Aspirin causes peptic ulcers predominately by reducing gastric mucosal cyclooxygenase (COX) activity and prostaglandin synthesis. Because aspirin circulates for only a few hours, we hypothesized that aspirin's inhibitory effect on gastric COX activity must be prolonged. We performed a placebo-controlled experiment in healthy humans to determine the duration of inhibition of aspirin on gastric mucosal COX activity (PGE2 and PGF2(α) synthesis rates). Recovery of gastric COX activity after stopping aspirin was slow and linear. Seventy-two hours after 325-mg aspirin, gastric COX activity was still reduced by 57% (P < 0.001). Duration of inhibition of gastric COX activity was estimated to be 7-8 days after 325-mg aspirin and 5 days after 81-mg aspirin. Recovery of gastric prostaglandin synthesis after 325-mg but not after 81-mg aspirin occurred at slower rates in subjects with Helicobacter pylori-associated gastritis than in those with normal histology. In conclusion, aspirin inhibits gastric COX activity for much longer than predicted from its pharmacokinetic profile, explaining why aspirin at widely spaced intervals is ulcerogenic.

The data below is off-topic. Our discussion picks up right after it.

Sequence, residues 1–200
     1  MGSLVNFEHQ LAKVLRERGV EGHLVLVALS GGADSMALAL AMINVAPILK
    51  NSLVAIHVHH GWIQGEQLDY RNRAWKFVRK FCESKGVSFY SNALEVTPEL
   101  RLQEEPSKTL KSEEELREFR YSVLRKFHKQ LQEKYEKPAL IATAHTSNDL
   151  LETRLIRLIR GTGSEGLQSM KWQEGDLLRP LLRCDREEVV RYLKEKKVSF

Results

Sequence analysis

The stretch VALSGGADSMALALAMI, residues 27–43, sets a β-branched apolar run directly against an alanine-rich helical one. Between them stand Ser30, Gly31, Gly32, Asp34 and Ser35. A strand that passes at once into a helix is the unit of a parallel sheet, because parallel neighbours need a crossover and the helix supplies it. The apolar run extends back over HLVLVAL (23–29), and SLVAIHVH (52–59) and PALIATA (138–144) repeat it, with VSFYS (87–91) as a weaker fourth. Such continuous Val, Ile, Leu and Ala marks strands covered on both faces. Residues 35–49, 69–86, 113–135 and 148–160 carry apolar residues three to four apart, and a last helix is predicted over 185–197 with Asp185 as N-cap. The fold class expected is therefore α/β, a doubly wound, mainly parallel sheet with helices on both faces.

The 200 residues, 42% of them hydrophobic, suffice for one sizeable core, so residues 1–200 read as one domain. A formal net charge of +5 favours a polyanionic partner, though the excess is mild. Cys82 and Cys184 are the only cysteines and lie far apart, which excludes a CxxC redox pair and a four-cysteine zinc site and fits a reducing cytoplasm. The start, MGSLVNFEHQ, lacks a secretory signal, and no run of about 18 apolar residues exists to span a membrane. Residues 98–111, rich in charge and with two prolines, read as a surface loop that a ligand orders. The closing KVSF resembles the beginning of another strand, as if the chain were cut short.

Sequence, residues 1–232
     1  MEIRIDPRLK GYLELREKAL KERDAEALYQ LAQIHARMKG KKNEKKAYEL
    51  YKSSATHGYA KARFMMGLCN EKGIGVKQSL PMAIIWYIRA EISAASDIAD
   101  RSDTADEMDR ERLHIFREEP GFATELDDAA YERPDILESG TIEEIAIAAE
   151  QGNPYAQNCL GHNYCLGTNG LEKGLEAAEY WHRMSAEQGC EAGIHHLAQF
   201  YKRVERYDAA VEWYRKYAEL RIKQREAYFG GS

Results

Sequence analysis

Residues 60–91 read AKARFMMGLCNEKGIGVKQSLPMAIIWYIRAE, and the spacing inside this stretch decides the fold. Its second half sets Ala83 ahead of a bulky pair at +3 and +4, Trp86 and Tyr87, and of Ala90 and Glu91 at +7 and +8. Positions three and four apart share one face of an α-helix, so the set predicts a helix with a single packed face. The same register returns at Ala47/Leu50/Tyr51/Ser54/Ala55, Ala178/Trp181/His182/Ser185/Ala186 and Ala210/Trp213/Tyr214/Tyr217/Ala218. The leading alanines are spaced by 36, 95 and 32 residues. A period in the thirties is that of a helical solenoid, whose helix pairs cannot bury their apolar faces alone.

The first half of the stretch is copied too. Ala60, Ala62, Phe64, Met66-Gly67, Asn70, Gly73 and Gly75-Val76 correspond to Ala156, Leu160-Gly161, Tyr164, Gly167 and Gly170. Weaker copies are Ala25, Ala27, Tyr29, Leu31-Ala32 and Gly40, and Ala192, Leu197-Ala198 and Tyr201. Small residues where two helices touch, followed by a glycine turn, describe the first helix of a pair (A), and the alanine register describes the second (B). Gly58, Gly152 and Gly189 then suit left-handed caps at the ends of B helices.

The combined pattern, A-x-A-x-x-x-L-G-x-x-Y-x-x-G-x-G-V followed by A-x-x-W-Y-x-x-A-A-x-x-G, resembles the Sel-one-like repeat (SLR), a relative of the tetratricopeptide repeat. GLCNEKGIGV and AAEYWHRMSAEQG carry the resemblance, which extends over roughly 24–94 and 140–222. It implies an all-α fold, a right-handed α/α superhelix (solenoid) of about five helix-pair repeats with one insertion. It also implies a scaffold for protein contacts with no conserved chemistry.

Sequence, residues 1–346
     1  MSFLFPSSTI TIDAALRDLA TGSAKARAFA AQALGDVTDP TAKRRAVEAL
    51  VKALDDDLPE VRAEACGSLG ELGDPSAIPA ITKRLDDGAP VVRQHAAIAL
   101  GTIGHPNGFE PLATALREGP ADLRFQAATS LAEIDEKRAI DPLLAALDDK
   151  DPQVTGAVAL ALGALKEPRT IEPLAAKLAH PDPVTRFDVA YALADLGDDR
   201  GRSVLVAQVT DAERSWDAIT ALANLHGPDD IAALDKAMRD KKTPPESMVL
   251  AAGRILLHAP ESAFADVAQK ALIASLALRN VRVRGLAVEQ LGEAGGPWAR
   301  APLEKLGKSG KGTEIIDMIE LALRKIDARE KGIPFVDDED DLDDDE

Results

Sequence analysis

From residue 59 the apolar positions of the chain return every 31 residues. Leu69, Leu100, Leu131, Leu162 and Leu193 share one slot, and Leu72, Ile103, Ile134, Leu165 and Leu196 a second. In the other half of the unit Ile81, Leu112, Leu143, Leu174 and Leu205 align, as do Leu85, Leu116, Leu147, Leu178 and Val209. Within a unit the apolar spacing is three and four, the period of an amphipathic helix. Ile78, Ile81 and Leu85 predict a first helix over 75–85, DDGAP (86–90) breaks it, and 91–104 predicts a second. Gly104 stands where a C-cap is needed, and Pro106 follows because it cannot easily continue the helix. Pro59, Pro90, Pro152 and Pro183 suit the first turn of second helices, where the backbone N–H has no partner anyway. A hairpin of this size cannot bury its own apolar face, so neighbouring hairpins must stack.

|Original language||English (US)|
|Journal||American Journal of Physiology - Gastrointestinal and Liver Physiology|
|Issue number||5 42-5|
|State||Published - 2000|
- Helicobacter pylori
ASJC Scopus subject areas
- Physiology (medical)